There is a real story here about change affecting the birds. It’s just not Climate Change.  It is this change:  ”The temperature of waters around the country is governed by long-term cycles of what is known as the Atlantic Multidecadal Oscillation, with periods of colder water alternating with warmer. Between the 1965-1995 cold cycle and the current warm cycle, Dr. Hansen said, winter temperature records show about one degree Celsius of additional warming — a seemingly small amount, but disastrous for the sand eels.” (NY Times) The hypothesis is that warmer waters of the current state of the AMO either directly cause a decline in sand eel populations, or move the sand eel populations to different, more northern,  areas.

Well, sort of…..

The 2014 RSPB report informs us that:

“The sand eel recruitment collapse observed in parts of the North Sea appears to be associated with warming seas and changes in zooplankton abundance and distribution. Zooplankton distributions are determined by oceanographic conditions such as sea temperature and the timing of stratification, with higher temperatures associated with northward shifts in Calanus finmarchicus [populations].  Sand eel recruitment is therefore likely to be reduced by warming seas, acting in part via zooplankton availability. “

Here he (or she) is:

calanus_f_400

Calanus finmarchicus is about twice the size of a grain of sugar and is the primary food item for sand eels.  As every marine biologist knows, the cold arctic waters allow for abundant populations of zooplankton– that why whales go there to feed.

When the Atlantic Multidecadal Oscillation (AMO)  shifts from its cool phase to its warm phase, as it did in the mid-1990s, the plankton populations shift further north to where the waters are a bit cooler.  That’s bad for the sandeels at the southern edges of their range.

The NY Times article is in the “Climate” section — which means every story must be about Anthropogenic Climate Change — even if it has to be made up.  There is a climate factor, but the factor is not AGW, it is the cyclic climatic feature known as the AMO.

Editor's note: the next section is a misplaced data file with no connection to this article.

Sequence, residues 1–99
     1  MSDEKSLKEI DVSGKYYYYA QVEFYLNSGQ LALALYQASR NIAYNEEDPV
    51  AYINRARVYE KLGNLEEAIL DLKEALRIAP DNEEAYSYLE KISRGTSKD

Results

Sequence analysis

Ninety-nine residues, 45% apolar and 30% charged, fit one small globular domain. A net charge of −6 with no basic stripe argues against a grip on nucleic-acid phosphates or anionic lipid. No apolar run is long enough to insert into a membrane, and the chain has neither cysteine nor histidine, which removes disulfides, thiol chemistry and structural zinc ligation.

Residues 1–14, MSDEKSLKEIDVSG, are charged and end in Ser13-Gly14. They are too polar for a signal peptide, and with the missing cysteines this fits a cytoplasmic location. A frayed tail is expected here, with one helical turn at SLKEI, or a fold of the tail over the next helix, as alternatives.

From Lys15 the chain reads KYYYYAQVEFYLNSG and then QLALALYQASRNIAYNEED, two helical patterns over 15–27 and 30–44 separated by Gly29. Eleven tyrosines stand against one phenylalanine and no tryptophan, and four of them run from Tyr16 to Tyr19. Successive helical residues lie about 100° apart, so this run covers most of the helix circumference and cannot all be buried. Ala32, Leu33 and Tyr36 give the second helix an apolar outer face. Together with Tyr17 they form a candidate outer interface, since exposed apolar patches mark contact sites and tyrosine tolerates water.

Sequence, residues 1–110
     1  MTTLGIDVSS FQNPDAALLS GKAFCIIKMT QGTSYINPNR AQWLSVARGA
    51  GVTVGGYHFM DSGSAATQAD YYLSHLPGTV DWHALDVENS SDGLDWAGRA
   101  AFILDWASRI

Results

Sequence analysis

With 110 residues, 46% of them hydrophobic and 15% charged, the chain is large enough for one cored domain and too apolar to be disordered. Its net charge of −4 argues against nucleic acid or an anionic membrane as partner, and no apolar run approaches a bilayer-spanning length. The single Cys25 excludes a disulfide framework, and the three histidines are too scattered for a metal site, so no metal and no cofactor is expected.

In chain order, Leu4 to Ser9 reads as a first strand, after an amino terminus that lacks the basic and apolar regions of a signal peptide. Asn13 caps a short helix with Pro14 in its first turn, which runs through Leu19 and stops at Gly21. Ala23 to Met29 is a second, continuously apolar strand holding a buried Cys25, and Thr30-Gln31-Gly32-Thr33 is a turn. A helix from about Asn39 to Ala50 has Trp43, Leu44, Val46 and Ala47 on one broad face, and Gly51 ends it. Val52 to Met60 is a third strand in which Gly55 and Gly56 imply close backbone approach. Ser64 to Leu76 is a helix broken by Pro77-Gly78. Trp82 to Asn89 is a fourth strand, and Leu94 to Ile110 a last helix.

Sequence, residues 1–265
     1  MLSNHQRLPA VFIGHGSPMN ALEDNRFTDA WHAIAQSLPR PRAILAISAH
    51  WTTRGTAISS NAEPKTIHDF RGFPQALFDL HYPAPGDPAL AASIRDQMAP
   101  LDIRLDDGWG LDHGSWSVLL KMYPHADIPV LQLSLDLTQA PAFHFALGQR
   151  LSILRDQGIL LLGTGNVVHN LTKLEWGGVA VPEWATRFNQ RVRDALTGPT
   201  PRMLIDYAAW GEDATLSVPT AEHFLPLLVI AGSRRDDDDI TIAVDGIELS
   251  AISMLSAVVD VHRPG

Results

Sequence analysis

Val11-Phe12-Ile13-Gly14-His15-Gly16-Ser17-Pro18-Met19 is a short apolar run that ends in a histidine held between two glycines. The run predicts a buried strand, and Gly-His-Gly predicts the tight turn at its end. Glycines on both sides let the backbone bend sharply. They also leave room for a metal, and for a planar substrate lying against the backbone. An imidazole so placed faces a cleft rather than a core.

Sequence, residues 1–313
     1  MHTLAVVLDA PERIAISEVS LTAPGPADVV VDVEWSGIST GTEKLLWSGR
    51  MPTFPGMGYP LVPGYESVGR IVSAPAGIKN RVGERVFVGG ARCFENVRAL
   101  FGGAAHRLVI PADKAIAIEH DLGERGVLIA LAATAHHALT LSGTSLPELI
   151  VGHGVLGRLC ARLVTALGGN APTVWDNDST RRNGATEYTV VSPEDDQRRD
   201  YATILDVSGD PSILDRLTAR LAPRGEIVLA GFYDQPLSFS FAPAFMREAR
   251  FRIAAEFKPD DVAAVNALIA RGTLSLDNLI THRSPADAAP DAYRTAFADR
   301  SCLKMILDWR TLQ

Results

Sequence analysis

So, in the predator- prey natural world, puffins (and many other sea birds and piscivorous –fish-eating– fish) eat sand eels and depend on their abundance for the next generation of chicks to be recruited as adults.   Sandeels eat Calanus finmarchus and depend on their abundance sustain high populations numbers.

puffin_with_sandeels_600

Population dynamics are very complicated and very complex.  This is just the top layer of the complexity onion — puffins depend on sand eels during the breeding season to feed their young. But, especially around the UK, humans have been overfishing  the sand eels in some areas, causing a sandeel collapse.  Local populations of puffins were hit hard.  But they have now have stopped fishing so many sandeels (used for pet food and fertilizer) by establishing limits and marine protected areas…. but they also stopped fishing so many of the species that eat the sand eels, so those sandeel-eating fish are now more abundant and eat more sandeels, leaving fewer sandeels for the seabirds, including the puffins.  At the same time, the warm phase of the AMO is still on, though it is beginning to decline.

Predator-Prey is a interesting little set of non-linear equations, but can be simplified and simulated to look at bit like this:

featured_image_500